Kingfisher plans German entry
Such a move is not for the fainthearted. The list of top international retailers who have wrecked their ship on the rocks of Europe's richest, but most price-sensitive country is dauntingly long. These have included French DIY specialist Castorama and US-operator Wickes.
So are fools rushing in, or does Chief Group Executive Ian Cheshire know some safe and cunning course at the helm?
And, as both companies vie for influence in Eastern Europe, what is to become of the partnership (25 per cent since 2001) with local hero Hornbach?
A by no means exhaustive list of retail failures in Germany since 1977 carries such illustrious names as Carrefour (F), Coin/Oviesse (I), FNAC (F), Intermarché (F), Marks & Spencer (GB), Promodès (F), Virgin (GB), Walmart (USA), Wickes (USA) and Delhaize Group (B).
But at least it cannot be said that the London-based Plc doesn't know what it is getting into. Kingfisher, with annual revenues of around €13bn, is an internationally experienced home improvement retailer. With operations in eight foreign countries, including France, the group totals more than 1,000 outlets.
The Brits have had a somewhat bumpy relationship with Germany over the past decade or so. An attempt by former management to save Castorama's failing German stores when they were fully acquired in 2002 was not successful.
A listening post
On the other hand, Kingfisher's stake in Hornbach Holding AG, entered into by former CEO Sir Geoffrey Mulcahy, has provided an excellent listening post within the market.
Soon, however, whether by luck or devilishly clever timing, Kingfisher will be re-entering Germany on its own at a time of profound structural change in the DIY market.
Former Metro Group subsidiary Praktiker is now insolvent, and local rivals Hellweg and Globus are believed to be interested in making a bid for at least some of its "Max Bahr" outlets.
However, any attempt by Kingfisher to go for Max Bahr would almost certainly trigger an enquiry by the German cartel authorities into the "strategic alliance" with Hornbach. This is probably also why larger players Obi and Bauhaus as well as Hornbach itself have not thrown their hat into the ring.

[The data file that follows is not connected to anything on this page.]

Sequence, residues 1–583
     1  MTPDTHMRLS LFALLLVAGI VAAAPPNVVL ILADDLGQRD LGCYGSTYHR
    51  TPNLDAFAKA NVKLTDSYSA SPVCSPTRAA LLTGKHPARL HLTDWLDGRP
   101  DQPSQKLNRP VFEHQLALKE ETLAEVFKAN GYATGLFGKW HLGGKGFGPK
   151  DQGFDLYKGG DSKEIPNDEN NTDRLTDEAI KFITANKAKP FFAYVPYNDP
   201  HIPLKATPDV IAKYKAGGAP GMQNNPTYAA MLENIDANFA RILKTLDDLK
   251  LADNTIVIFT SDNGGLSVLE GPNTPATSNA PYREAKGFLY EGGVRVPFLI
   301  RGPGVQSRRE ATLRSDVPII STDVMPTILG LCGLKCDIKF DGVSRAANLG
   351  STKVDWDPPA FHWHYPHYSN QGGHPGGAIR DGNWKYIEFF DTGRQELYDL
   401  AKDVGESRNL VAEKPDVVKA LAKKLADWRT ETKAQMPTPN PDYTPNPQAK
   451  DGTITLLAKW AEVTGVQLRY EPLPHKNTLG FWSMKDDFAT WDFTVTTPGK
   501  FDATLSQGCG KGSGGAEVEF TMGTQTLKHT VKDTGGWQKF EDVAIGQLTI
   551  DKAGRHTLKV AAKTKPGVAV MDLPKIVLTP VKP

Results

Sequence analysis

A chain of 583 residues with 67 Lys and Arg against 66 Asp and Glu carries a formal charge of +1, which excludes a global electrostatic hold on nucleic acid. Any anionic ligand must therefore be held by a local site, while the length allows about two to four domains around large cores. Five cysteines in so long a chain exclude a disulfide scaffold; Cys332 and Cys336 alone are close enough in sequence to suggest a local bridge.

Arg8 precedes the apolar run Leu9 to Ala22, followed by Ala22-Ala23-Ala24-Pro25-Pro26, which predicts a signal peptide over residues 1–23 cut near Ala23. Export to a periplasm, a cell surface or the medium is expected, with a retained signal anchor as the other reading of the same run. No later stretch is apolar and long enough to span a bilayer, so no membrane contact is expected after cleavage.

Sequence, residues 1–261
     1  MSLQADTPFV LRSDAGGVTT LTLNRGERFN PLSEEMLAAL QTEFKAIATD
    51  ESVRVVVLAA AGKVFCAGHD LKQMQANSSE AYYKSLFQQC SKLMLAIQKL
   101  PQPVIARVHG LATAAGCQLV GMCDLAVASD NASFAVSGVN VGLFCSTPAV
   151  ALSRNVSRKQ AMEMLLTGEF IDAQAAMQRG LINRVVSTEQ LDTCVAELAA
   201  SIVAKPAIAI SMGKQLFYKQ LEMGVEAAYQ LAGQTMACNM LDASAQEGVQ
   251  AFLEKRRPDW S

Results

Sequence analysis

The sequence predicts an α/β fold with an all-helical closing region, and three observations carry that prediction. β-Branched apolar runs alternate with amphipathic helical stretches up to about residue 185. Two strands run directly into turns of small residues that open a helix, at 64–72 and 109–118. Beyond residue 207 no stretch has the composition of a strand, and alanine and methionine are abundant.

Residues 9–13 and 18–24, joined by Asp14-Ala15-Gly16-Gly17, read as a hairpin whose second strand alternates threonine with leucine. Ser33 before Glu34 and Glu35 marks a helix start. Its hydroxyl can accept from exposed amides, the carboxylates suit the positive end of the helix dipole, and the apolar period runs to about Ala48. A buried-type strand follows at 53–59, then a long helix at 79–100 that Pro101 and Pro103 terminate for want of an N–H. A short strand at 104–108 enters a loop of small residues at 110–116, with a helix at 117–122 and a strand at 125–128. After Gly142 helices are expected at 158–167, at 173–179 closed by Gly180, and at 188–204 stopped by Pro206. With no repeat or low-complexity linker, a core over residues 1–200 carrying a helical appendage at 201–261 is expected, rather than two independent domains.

Eyes on Eastern Europe
Kingfisher has already withdrawn from the supervisory board of Hornbach only 24 hours after announcing its plans to launch Screwfix in Germany. This step was taken as a "precautionary" measure "to avoid possible conflicts of interest arising from the expansion strategy of the (two) companies".
These are strange words in relation to partners who are said to have had no qualms about competing in Germany before. And they are particularly surprising as the small Screwfix format would not pose any direct threat to Hornbach's big box outlets.
This has lead to speculation in the trade that the possible conflict of interest between the two could be in Eastern Europe. Kingfisher's purchase of 15 DIY outlets from Bricostore in Rumania a quarter of a year ago has brought the British retail giant into direct competition with Hornbach.
But this could be only the beginning. Many surmise that Kingfisher also has ambitions to open DIY stores in further Eastern European countries. Others believe that there are losses and stagnating revenues at its 39 "B&Q" stores in China and point to these as a possible motive.
Kingfisher could accelerate expansion in Central & Eastern Europe through purchasing the foreign operations of troubled Baumax. The Austrian DIY operator is in heavy water at the moment and is highly indebted to creditor banks.
If Baumax sold its eight foreign businesses, which include 53 stores in the Czech Republic, Slovakia and Rumania, it would bring Kingfisher into further direct competition with Hornbach.
Add to this rumours that the Brits are also interested in the foreign operations of Praktiker, which include Poland, Hungary, Rumania and Bulgaria, and Kingfisher's potential Eastern European DIY empire would grow by another 81 outlets.
Screwfix to do the job
Meanwhile, it is noteworthy that Kingfisher has selected its small, but successful format "Screwfix" as its charger for battle with the Teutons next year. In the UK more than 215 Screwfix branches, offering around 18,000 lines, and Screwfix.com post annual revenues of approx. €640m.
This multi-channel supplier of "trade tools, plumbing, electrical, bathrooms and kitchens" only requires a main warehouse D.C. and a network of small stores for click & collect and online delivery purposes.
The cleverly dovetailed concept would have a clear USP here in Germany, where it is is hard to think of any real equivalent, and planning permission wouldn't be a problem.
But to expand with Screwfix alone looks like a niche strategy and not one where international investors could expect a big hike in Kingfisher Plc's already relatively high p/e ratio.
So the Brits need to have another ace up their sleeve, and it could well be Central & Eastern Europe.
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